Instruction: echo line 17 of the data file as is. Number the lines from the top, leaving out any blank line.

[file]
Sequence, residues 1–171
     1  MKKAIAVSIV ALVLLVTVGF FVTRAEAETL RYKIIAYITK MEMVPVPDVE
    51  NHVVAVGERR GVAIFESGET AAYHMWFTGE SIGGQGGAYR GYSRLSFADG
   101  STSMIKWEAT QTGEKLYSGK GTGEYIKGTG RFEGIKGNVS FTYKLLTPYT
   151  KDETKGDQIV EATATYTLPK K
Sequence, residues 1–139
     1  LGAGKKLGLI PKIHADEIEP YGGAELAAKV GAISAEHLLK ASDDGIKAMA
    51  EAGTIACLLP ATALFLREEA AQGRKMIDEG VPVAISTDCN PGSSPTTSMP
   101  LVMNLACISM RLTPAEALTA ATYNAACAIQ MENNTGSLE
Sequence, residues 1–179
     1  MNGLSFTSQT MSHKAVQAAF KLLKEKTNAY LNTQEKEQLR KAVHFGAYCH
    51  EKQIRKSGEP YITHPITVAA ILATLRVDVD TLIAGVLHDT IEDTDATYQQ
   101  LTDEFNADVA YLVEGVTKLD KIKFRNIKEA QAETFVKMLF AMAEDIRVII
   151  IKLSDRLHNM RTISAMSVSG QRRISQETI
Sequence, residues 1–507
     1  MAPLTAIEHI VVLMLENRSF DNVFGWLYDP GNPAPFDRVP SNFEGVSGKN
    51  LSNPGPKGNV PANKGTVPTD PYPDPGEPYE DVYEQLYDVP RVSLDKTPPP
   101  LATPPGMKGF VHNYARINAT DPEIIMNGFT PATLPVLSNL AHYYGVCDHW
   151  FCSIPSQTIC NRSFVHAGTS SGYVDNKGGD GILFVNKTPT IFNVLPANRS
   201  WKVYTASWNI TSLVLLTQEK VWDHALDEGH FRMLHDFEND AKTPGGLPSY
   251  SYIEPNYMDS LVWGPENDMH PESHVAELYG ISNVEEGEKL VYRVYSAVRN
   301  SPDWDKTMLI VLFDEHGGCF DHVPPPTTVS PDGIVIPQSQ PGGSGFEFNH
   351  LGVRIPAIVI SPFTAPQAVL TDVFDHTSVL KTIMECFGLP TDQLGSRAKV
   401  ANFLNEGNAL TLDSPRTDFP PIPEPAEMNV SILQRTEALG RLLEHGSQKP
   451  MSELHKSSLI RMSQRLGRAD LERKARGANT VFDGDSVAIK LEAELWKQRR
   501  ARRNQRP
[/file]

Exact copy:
    51  LSNPGPKGNV PANKGTVPTD PYPDPGEPYE DVYEQLYDVP RVSLDKTPPP